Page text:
Changes to transfer pricing rules likely to affect global companies: HLB Mann Judd Sydney

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Changes to transfer pricing rules, which will be applied retrospectively, are intended to bring Australian practices in line with international rules but could mean significant changes for the Australian operations of international groups, warns Mr Neil Wickenden, tax partner at HLB Mann Judd Sydney.

Changes to transfer pricing rules, which will be applied retrospectively, are intended to bring Australian practices in line with international rules but could mean significant changes for the Australian operations of international groups, warns Mr Neil Wickenden, tax partner at HLB Mann Judd Sydney.

Mr Wickenden says that the changes being introduced by the government have been triggered by losses for the Australian Taxation Office in two recent transfer pricing tax cases.

“The changes are a reform of Australia’s transfer pricing rules and future Australian double tax agreements (DTAs) to bring them into line with international developments. They are particularly likely to affect Australian subsidiary companies or branches of multi-national groups.

“The reforms mean that the Taxation Office may be able to review any transfer pricing documentation in existence, not by reference to Australia’s transfer pricing rules, but by reference to the DTA Associated Enterprises articles; and it may do so for periods after 1 July 2004,” he said.

The Taxation Office has yet to indicate how it may administer this new assessing power.

“A Treasury consultation paper has been released that will lead eventually to revision of Australia’s transfer pricing rules, and means that existing Australian transfer pricing documentation will have to be reviewed by companies to ensure conformity with the new rules.

“If transfer pricing documentation is not consistent with the new rules, it may have to be amended or replaced with updated documentation.”

The changes have been brought about by two cases, Roche Products and SNF Australia.  The Administrative Appeals Tribunal decision in the case of Roche and the Full Federal Court decision on SNF Australia, illustrated the differences between Australia’s transfer pricing rules and those found in Australia’s DTAs based on the OECD model.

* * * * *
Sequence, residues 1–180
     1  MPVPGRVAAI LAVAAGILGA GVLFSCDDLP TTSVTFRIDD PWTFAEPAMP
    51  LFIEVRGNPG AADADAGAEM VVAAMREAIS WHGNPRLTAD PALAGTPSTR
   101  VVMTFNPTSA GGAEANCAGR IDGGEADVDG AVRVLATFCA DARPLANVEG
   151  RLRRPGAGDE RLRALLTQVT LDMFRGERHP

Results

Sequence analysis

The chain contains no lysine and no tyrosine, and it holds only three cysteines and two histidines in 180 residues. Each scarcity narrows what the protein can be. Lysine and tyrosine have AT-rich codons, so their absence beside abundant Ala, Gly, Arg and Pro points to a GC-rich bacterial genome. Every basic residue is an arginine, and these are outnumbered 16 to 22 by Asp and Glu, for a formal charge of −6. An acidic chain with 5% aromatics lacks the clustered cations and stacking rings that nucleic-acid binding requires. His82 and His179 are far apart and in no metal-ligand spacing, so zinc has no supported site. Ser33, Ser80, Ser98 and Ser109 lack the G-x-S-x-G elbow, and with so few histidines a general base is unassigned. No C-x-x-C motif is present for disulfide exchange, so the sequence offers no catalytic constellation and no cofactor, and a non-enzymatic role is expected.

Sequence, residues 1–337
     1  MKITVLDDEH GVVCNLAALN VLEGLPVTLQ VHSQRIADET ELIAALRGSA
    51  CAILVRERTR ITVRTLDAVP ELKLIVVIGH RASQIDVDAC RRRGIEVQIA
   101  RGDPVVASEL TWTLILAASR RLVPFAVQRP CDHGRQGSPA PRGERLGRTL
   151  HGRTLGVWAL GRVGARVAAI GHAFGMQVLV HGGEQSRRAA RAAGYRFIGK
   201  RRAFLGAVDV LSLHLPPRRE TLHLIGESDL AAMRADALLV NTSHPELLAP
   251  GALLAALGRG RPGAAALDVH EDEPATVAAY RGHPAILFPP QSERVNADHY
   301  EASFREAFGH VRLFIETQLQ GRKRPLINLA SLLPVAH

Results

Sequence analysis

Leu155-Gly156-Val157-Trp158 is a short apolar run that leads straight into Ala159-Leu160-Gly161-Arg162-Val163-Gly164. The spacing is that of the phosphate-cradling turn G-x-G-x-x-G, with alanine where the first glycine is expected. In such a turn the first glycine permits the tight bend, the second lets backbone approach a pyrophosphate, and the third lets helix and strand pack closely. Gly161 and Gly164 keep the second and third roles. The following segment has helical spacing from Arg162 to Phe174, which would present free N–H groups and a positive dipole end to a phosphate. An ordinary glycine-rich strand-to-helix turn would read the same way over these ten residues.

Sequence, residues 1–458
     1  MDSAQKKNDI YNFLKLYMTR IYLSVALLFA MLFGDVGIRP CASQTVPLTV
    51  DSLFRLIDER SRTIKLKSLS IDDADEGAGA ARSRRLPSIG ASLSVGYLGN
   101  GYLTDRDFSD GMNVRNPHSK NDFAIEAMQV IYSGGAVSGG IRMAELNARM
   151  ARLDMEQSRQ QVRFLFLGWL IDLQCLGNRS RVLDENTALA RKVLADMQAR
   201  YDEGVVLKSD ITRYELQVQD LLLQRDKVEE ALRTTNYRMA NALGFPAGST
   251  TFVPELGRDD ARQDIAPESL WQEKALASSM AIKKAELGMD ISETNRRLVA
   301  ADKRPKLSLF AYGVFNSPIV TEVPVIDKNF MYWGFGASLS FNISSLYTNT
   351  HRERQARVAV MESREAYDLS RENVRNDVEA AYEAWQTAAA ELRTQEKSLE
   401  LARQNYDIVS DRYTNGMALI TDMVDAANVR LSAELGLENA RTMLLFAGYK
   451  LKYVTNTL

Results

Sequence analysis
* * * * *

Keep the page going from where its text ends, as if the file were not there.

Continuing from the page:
In these cases, the decisions went against the ATO’s contention that the treaty articles, between Australia and the countries in which the head offices of Roche and SNF Australia operated, empowered the ATO to raise assessments.

The Tribunal and the Courts decided that the treaties only allocated taxing rights between the countries.

A number of areas are suggested for change in the consultation paper. These include:

  • the introduction of an arm’s length standard reflecting international norms
  • interpretation of new rules in a manner most consistent with OECD guidelines
  • application of Australia’s new rules on a self-assessment basis.

“The consultation paper ultimately rejects Australia’s current transfer pricing rules, which are based on transaction pricing, and uses the ‘arm’s length principle’ as the basis of establishing a fair sharing of profits between related enterprises, as distinct from establishing appropriate transfer prices between them.

“Accordingly, it states that key elements of the changes will be inclusion of the arm’s length principle and application of the OECD guidelines in the new transfer pricing rules,” Mr Wickenden said.

Changes are expected to include introduction of the following rules:

  • Self-assessment of arm’s length outcomes by taxpayers, rather than reliance on the exercise of the Australian Taxation Office’s discretion as to whether the transfer pricing provisions apply.
  • Statutory time limits within which tax assessments can be amended for transfer pricing adjustments (consistent with the Australian income tax law generally), rather than permitting amendments at any time as at present.
  • A rule to determine when material circumstances of non-arm’s length cross border dealings are comparable to dealings between independent parties dealing at arm’s length, expressly referring to the OECD guidelines’ comparability factors.
  • Approved transfer pricing methods and the criteria for their selection, with the rule that the ‘most appropriate’ method, or combination of methods, for any particular situation would be applied.

HLB Mann Judd Sydney is a firm of accountants and business and financial advisers, and a member of the HLB Mann Judd Australasian Association.

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For more information please contact:

Neil Wickenden – Phone: 02 9020 4220

 

28 February 2012